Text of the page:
Not discussing this issue openly creates a lack of awareness and support, making menstruation a serious health problem and puts the women at high risk of infection. Even NGOs place period products last on the list of priorities when it comes to allocating homeless funds, with food given the highest priority. This is obvious through the number of organisations focusing on providing food, often neglecting the particular needs of homeless women. Limited access to menstrual products and its unmanageable cost has led many of our homeless women to use ripped pieces of cloth, toilet paper and on one occasion, a pressed loaf of bread.
Violence and abuse
The streets are dangerous places, especially for homeless women. They are more vulnerable to victimisation, sexual assault, and physical violence. As a result, many women are either forced to trade themselves or accepting to trade themselves in exchange for a safe place to sleep. Women who sleep rough on the streets also face higher rates of physical, sexual and emotional abuse than women who are housed. Homeless women are easily preyed upon as many of them lack the courage to report rape and sexual abuse out of fear and insecurities. Of the many stories surrounding assault of homeless women, almost none get reported or receive fair justice. Reducing violence toward vulnerable and homeless women, therefore, is a critical first step toward leaving homelessness.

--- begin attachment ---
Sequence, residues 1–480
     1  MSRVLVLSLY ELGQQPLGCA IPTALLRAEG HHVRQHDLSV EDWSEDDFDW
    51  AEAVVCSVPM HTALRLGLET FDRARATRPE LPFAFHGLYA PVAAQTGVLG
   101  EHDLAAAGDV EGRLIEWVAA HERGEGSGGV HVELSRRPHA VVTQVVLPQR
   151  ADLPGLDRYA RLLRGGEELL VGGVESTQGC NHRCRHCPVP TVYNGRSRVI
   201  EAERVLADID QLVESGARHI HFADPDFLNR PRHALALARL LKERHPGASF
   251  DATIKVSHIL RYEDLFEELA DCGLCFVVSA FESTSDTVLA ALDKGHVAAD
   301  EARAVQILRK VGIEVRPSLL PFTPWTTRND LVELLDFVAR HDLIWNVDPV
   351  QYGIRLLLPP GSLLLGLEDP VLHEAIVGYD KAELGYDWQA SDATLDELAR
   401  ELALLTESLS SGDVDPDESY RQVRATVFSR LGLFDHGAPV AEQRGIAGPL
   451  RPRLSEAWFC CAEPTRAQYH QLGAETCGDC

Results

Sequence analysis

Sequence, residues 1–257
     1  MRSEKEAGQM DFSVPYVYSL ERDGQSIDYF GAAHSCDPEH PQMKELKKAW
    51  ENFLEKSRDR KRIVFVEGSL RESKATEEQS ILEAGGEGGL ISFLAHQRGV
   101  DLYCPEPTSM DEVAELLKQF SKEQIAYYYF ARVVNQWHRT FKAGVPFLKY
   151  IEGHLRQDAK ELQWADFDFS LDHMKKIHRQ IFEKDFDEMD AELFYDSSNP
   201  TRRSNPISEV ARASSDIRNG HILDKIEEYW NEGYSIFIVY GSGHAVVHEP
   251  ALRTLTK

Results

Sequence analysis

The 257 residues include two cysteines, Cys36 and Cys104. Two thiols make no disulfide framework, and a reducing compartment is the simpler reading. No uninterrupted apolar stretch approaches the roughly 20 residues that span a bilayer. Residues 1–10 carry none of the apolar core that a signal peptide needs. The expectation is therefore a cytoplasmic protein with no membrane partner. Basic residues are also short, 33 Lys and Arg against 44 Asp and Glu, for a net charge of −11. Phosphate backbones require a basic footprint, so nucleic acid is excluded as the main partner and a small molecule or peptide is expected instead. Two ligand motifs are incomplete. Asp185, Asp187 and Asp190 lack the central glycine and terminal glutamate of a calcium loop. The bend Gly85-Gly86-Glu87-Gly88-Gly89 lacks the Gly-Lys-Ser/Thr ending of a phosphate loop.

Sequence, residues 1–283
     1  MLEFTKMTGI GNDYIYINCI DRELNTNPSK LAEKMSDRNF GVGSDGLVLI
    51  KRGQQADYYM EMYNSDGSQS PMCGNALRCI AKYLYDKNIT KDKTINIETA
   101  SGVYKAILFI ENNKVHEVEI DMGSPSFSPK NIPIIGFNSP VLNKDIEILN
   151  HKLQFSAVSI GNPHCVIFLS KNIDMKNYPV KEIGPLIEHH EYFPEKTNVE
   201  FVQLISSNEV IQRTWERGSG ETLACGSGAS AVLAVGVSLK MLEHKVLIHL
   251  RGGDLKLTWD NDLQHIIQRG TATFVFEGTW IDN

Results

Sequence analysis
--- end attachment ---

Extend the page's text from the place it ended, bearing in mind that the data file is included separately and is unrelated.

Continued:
Mental Health Issues
Women who are homeless suffer from a much higher rate of mental illness than the general population. The more common illnesses observed are anxiety, schizophrenia and depression. Due to lack of access to mental health services, homeless women find it difficult to manage daily life, struggling in their day to day living activities to meet basic needs, connect to resources and in receive aid & services. Lack of access to care means that their conditions is likely to worsen, adding an additional layer of trauma to their already troubled lives.
Challenges in Employment & Gender Inequality
Women face many more challenges in finding and keeping a good job due to gender disparities or sexism. These barriers include being unable to secure appropriate childcare, gaps in their employment histories due to caring for family, gender bias and discrimination. This situation is worse among homeless women where without employment and housing, it is impossible to escape homelessness. Repeated exploitation means they are less likely to attain a stable source of income. Other barriers are lack of work experience, lack of knowledge in certain industries, low education levels, past criminal records, physical disabilities, not being fluent in English, housing instability, mental health challenges, transportation costs among others.